India vs Sri Lanka: Even if I mis-hit, I had no choice but to go for sixes, says Hardik Pandya
Hardik Pandya, who scored his maiden Test ton on Day 2 against Sri Lanka, says it was the ideal opportunity to unleash his shots as team was nine wickets down
India's Hardik Pandya en route his 96-ball 108 on Day 2 of the 3rd Test v SL at Kandy yesterday. Pic/AFP
The last century Hardik Pandya can remember hitting was when he was still a teenager. In all top-flight cricket, whether played over 20 overs, 50 overs or four days, in coloured clothing and white, Pandya never once reached three figures in a match that counted. And yet, he romped to the mark in only his third Test, setting India up for a healthy 487 which Sri Lanka made look even bigger by collapsing to 135 all out.
When Pandya walked out to bat, India were 322-6, which soon became 339-7 as Wriddhiman Saha departed. Pandya, who had resisted the temptation to thrash the living daylights out of every ball he faced, took 61 balls to reach 50, which is when the ninth wicket fell. Suddenly, the need to bat like a top-order specialist gave way to the opportunity of taking the lion's share of the strike and taking on the bowlers. With nine fielders on the fence — only the bowler and wicketkeeper were within earshot of the batsman — Pandya let it rip.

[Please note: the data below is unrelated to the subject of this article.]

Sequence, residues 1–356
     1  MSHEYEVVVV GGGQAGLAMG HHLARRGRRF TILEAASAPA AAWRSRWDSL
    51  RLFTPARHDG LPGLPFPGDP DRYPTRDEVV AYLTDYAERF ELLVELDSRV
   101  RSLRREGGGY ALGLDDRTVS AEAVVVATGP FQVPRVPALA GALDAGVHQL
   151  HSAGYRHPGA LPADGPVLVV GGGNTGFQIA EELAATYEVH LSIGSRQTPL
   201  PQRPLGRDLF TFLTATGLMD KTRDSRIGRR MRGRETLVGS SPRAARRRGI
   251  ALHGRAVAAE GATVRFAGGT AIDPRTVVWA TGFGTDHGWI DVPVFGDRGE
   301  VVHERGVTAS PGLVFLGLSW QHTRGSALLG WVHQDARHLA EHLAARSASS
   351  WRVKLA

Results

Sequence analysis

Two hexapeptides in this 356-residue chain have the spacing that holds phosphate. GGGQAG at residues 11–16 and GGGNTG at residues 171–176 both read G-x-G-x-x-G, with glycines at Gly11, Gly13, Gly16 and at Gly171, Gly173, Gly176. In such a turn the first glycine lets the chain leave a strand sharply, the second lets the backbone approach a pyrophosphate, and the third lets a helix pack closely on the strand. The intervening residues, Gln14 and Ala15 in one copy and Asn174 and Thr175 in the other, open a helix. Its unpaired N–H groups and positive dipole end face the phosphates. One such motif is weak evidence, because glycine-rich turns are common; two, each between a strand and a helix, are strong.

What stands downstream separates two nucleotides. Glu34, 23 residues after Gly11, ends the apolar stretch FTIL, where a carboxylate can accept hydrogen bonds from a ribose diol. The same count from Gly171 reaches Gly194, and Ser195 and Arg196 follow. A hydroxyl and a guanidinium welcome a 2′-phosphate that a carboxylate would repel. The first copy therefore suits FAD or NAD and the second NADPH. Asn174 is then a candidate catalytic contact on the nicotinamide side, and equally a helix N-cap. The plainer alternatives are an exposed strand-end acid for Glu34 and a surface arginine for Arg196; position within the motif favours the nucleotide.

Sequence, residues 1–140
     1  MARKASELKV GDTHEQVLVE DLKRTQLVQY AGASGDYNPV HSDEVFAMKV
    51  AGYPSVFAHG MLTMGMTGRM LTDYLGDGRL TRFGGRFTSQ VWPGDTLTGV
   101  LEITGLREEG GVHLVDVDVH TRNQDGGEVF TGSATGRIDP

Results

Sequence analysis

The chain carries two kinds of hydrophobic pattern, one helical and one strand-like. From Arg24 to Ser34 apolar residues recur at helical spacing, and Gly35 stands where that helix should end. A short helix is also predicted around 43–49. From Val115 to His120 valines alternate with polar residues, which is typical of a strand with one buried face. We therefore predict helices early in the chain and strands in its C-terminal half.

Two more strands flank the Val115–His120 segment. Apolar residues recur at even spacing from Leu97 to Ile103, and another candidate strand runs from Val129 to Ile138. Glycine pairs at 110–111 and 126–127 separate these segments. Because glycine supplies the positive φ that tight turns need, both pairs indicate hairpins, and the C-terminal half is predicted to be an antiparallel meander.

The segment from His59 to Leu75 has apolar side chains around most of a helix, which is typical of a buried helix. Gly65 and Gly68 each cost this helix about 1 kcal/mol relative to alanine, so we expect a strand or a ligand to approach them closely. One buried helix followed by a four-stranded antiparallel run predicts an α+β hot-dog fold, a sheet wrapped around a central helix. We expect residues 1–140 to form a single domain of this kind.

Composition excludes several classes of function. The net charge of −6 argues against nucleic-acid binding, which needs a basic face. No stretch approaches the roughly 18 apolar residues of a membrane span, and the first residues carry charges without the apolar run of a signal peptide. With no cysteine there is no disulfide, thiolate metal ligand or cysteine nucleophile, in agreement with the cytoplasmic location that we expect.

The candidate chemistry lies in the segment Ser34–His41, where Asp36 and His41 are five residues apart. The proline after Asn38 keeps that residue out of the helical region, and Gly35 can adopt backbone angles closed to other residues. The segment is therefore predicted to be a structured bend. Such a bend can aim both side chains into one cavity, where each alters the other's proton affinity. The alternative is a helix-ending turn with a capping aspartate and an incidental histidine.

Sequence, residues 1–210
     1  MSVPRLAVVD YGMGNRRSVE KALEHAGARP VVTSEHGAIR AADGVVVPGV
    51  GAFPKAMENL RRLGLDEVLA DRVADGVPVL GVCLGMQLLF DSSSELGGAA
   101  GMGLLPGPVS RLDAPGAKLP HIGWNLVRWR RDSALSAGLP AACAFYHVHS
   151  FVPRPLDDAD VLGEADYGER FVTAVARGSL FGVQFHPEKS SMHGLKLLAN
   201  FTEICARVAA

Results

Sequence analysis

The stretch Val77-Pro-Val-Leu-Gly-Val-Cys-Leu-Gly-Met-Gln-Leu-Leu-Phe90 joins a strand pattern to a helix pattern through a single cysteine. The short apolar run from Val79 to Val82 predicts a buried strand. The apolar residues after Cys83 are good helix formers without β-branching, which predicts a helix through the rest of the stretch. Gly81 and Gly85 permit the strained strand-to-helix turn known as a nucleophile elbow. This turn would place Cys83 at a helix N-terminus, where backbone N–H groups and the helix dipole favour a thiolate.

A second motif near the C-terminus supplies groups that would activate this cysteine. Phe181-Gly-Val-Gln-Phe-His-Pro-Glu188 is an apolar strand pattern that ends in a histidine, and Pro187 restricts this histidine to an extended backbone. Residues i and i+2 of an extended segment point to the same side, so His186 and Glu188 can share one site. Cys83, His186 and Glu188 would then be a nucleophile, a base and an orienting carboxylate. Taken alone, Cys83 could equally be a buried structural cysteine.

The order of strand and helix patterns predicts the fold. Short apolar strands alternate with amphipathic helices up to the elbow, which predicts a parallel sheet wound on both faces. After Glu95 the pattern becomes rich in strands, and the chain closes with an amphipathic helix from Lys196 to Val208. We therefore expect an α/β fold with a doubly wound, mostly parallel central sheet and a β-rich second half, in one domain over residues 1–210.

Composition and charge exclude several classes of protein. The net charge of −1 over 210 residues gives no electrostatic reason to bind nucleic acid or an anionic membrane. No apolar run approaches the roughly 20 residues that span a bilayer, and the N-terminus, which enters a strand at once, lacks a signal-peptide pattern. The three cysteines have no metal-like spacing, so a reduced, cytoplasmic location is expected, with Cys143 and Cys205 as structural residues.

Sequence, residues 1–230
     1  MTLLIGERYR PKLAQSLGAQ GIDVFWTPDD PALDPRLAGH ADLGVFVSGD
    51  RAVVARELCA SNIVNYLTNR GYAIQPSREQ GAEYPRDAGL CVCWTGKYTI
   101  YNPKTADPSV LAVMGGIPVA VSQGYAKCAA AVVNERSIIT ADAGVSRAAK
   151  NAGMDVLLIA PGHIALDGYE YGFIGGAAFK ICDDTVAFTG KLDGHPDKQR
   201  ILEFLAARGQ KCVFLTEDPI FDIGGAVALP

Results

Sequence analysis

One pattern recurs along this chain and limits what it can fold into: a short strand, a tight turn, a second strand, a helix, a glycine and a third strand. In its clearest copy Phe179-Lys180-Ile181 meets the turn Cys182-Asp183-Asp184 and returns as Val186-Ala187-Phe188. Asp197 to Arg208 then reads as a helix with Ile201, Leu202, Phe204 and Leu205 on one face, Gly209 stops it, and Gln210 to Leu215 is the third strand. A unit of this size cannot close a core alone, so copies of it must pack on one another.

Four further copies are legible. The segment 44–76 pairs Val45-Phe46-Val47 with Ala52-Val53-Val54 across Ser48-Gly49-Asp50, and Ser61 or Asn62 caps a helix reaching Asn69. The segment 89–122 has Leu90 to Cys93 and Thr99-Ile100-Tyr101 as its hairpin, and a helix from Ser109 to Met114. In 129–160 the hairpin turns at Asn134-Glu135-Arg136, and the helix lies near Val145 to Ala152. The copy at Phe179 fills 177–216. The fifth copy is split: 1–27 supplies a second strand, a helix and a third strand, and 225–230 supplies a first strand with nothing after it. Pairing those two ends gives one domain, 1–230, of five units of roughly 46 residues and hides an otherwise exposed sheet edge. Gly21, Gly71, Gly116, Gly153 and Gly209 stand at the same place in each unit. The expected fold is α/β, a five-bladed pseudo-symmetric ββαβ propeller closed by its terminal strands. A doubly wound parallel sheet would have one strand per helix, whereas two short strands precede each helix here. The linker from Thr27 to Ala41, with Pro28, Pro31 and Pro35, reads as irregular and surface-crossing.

"Could there have been a bigger opportunity than that? Nine wickets were already down and I knew, if I stay in the crease and connect the ball well, it would go for six. Even if I were to mis-hit, I had to. I had no choice. It was an ideal opportunity and there was a team's goal which was to give them a 400-run target. It was a calculative risk," Pandya later said Malinda Pushpakumara, the left-arm orthodox spinner, was the obvious target and the 116th over of the innings read: 4, 4, 6, 6, 6. The ball was drilled back over the bowler's head with such power, timing and precision that if there were any more spectators at the ground they would have been in serious risk of getting injured.
Pandya's innings sent records tumbling: his ton was the fastest by an Indian at No. 8; was the first by an Indian before lunch. No Indian had scored more runs in an over in Test cricket than the Pushpakumara pounding and his seven sixes was the most by an Indian in an overseas Test.
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